Once your MVP product launches, you should be ready to blow the trumpets all over the world, letting people know that your app is finally live. In this case, it is better to start promoting your product as early as possible, so by the time your app launches, you will have a certain user base ready to test your product.
A good example of how it should be done was demonstrated by Mint. The personal finance app hit a milestone of 1,000,000 users in just a couple of years since their launch, mostly through content marketing (in addition to a stellar product, of course).
Their blog, MintLife, became one of the most credible and useful online resources on personal finance management. By simply placing an email subscription form at the end of each article, the startup grew their waiting list to over 20,000 customers in just around nine months while their app was still in development.
Another widely-known startup MVP marketing example is the one run by the team at Magic Leap, a much-hyped mixed reality startup. The company became one of the most-talked-about technology startups and raised $1.4 billion from a number of investors, including Google and Alibaba, prior to actually building their product.
4. Provide Reliable Support
Fresh out of the oven, your app might still experience certain difficulties (yes, even if you have tested it through and through). To be able to immediately jump in and fix any issues that may arise, you need someone to keep an eye on your product 24/7.
However, maintenance and support shouldn't be limited to the technical aspect. Setting up an effective customer service framework is also something you should consider at this stage. This can help you establish a solid basis and build upon it when you start scaling.
A good example of how a startup can prove its technical reliability and show an outstanding level of customer support is the real-time status tracker provided by Slack. It shows the total uptime as well as the current status of each component of the system. So, if something goes wrong, you can see what's happened and how soon it will be fixed.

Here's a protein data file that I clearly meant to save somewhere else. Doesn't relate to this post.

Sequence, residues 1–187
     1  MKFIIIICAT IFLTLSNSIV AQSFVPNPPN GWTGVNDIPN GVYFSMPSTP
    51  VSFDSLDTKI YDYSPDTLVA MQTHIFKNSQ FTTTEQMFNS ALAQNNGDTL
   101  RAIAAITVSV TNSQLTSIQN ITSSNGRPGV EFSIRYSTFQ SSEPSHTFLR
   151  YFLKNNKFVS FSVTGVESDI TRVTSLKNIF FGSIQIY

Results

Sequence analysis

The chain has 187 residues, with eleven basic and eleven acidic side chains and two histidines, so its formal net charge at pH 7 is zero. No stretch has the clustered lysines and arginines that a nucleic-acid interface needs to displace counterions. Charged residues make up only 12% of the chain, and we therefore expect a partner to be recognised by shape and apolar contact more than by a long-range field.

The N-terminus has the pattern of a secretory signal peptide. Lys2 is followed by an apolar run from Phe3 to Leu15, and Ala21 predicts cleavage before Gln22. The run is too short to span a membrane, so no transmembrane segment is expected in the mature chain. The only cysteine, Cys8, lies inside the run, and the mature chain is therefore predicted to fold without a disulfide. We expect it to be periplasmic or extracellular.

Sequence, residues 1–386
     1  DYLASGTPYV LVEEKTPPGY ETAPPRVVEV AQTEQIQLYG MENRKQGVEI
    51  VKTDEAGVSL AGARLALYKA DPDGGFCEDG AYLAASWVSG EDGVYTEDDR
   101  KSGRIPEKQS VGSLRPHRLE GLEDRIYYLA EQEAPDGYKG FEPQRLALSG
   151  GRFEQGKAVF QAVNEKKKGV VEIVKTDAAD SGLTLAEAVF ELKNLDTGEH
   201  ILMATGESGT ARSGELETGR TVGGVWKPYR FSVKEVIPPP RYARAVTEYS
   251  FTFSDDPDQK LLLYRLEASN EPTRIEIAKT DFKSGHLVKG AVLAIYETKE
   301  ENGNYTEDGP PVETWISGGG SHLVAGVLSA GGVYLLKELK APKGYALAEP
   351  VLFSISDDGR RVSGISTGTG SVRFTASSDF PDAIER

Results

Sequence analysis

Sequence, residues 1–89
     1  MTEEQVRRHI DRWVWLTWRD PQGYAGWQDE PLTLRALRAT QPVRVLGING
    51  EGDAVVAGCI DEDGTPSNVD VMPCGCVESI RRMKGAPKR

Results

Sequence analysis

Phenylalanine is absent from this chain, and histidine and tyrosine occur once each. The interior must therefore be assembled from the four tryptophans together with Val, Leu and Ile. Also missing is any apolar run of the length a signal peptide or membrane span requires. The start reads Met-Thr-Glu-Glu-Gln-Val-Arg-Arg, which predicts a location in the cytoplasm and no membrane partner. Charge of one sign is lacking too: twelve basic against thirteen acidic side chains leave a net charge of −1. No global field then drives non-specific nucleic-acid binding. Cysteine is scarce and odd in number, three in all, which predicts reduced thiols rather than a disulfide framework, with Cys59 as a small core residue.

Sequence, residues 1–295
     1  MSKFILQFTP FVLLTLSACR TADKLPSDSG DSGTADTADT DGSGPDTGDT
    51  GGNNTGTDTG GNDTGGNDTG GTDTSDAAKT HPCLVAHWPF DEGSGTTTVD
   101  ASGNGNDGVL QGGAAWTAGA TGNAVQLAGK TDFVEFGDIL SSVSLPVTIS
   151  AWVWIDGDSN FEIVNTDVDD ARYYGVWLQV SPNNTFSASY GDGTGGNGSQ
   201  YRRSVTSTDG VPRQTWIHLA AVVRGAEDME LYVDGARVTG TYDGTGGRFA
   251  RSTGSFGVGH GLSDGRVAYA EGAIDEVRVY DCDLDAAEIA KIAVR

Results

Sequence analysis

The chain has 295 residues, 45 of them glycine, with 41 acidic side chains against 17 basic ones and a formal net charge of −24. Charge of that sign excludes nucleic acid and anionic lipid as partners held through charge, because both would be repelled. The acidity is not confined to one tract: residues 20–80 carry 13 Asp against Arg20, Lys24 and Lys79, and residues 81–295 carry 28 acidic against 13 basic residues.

Although not a startup, Tesla, an innovative car manufacturer, is another business that obviously puts customers first. The company's co-founder and CEO, Elon Musk, is constantly in touch with his customers and always ready to help . He has even delivered a new car to the customer in person after the company experienced some logistics issues. Now, that's a good example to follow!
5. Price Your Product
Once you see that your product is taking off, you might as well think about making money with it. You can test variousmonetization approaches, introduce premium features on top of the basic free version (freemium), or go with ads.
Here's how the team at Buffer identified the winning strategy. First, they validated the demand for their product with a basic MVP (which wasn't even an app but a simple landing page!). As soon as they started getting leads, they added one more page with pricing plans to their sign up process. As a result, they validated the demand for the product as well as found an optimal monetization approach.
One More Thing...
There are startups that got funded even before they had built an MVP application. However, in most cases, you need something to show to the investors first to make them want to dig into their wallets. Not many of them will be willing to buy a pig in a poke. Yet, as soon as you have a functional app MVP at hand, you finally have something to back your words.
Thus, you can go around pitching investors, entering competitions, or running a crowdfunding campaign to scale your product.
In case you have positive user feedback or any other data that demonstrates your product viability, your chances of getting funded will be even higher.
Published at DZone with permission of Maria Aleksandrova, DZone MVB. See the original article here.